As to the formula of the kingdom of ends, it is essentially a amalgamation of everything said so far. In the case of the formula of universal law, we see the formation of moral law (i.e. suicide bad, etc). The case of the formula of humanity, we see the utility in the propagation of private ends (i.e. treat people as an end but never as a means). The formula of the kingdom of ends provides an environment for those precepts to be. In a categorical way then, the first, second, and third formulas are ordered in such a way where we; order our will to the point to the execution of our ends to the formation of the system as a whole. But suppose as Kant does that the first two formulas are one in the same, like a substance and its substrate. They both deal with individual choice, right? The third is the incorporation of social context. An example. Suppose you and I made different laws for the same thing. To come together in synergy (I suppose anyway) is to act in accordance with the maxims of a member giving universal laws for a (merely?) possible kingdom of ends.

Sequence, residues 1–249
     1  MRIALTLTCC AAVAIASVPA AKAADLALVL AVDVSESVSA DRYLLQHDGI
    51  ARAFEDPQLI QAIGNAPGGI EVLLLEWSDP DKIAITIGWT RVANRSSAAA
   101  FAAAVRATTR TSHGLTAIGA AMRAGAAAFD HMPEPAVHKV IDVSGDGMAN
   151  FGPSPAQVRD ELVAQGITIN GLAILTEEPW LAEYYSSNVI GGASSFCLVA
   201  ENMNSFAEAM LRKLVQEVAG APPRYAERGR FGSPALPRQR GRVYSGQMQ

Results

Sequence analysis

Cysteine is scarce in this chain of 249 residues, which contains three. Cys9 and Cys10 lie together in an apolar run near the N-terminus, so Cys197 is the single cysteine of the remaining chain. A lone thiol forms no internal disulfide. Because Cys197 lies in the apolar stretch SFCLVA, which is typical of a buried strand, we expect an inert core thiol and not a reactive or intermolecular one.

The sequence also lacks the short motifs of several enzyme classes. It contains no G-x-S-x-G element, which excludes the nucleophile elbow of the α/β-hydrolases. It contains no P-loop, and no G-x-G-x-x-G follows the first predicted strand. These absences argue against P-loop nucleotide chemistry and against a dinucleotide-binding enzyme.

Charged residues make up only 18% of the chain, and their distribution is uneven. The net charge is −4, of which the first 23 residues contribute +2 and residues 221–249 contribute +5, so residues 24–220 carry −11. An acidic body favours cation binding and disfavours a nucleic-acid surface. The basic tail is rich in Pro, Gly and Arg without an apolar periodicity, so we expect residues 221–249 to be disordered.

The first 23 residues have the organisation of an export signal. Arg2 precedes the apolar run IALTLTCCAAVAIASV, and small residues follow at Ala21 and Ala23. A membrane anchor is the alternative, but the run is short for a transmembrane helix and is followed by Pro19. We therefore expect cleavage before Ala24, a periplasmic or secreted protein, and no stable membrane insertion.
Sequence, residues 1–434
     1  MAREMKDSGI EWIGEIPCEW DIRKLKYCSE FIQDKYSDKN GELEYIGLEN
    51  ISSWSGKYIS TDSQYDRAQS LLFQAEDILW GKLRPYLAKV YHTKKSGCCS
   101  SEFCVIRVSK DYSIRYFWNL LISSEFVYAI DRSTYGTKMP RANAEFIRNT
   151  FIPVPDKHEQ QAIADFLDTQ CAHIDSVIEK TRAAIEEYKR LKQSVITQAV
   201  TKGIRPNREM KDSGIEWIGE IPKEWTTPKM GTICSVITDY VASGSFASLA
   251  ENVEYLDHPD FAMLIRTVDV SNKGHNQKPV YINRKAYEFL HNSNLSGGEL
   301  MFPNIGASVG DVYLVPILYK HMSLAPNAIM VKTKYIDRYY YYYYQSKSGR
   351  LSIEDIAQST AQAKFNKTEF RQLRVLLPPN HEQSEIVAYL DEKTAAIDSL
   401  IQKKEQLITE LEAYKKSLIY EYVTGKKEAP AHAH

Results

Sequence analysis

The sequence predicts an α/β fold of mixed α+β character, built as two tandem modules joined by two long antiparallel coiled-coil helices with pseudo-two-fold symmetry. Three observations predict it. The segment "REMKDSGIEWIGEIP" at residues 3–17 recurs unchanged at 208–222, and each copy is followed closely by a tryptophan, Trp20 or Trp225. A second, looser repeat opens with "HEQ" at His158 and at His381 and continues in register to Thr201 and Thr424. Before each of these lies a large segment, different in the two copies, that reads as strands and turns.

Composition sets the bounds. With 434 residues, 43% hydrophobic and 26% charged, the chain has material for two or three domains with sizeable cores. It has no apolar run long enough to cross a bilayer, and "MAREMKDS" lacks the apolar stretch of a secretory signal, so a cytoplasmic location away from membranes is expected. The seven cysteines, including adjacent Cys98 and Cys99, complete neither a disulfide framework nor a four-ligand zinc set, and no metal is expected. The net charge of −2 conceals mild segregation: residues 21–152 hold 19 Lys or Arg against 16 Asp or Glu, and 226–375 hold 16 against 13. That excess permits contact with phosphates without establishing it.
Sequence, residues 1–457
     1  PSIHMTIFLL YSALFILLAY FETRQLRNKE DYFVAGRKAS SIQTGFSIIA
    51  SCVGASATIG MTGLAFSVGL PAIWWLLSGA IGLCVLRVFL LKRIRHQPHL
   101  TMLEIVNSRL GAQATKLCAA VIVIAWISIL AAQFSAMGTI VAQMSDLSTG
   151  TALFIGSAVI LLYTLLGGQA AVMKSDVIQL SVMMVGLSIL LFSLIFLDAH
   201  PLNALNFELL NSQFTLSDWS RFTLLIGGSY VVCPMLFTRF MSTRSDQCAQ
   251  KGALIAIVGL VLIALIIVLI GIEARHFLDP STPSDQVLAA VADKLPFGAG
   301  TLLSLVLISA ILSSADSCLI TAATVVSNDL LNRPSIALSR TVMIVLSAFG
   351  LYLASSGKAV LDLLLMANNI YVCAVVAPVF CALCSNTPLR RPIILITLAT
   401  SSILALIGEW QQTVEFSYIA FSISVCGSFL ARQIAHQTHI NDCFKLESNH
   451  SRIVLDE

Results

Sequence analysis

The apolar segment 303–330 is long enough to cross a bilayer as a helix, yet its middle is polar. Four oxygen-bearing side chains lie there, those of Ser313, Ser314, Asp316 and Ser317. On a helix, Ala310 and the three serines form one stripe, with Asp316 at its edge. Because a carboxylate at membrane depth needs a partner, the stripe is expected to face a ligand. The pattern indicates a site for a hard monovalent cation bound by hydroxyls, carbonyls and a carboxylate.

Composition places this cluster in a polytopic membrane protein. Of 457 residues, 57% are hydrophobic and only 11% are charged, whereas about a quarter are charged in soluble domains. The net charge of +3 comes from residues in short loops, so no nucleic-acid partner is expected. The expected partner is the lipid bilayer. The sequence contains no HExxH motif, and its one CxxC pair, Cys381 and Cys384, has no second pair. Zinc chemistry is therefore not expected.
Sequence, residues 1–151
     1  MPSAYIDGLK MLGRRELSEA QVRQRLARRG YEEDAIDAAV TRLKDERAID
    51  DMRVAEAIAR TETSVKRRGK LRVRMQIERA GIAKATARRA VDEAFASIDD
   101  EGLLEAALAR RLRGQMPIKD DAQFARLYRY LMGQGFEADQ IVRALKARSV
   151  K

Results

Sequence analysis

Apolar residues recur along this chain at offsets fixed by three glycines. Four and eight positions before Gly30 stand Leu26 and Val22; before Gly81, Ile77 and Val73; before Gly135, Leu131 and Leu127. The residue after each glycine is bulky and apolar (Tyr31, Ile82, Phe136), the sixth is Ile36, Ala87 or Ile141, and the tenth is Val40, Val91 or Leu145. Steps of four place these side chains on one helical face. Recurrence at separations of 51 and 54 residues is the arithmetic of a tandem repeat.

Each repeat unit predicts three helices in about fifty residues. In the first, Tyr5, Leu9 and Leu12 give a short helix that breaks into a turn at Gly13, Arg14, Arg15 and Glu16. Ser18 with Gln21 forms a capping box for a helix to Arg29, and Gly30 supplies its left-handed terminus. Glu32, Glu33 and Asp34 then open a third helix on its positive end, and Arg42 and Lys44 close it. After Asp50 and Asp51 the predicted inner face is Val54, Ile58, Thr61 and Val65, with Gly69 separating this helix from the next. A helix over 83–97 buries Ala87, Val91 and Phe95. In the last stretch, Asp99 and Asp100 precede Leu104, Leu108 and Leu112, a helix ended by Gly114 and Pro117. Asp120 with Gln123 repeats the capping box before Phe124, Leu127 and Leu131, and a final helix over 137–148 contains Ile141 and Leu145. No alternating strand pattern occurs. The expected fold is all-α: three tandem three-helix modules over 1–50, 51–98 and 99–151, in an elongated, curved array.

I'm not an expert on this though, so best to read this in conjunction with your own studies and see if you agree with it. If I can elaborate or help out with anything else, let me know.
 
kennethamy
 
Reply Thu 28 Jan, 2010 04:39 pm
@JustABrainInAVat,
JustABrainInAVat;123247 wrote:
I am writing a debate case, and am using Kant's Catagorical Imperative as my critiron, but I am having trouble understanding the third formula. Could someone help in explaining the three formulas for me, so I can make sure that I am using them right. They are as follows:
The Formula of Universal Law- Act only in accordance with that maxim through which you can at the same time will that it become a universal law.
The Formula of Humanity- So act that you use humanity, whether in your own person or that of another, always at the same time as an end, never merely as a means.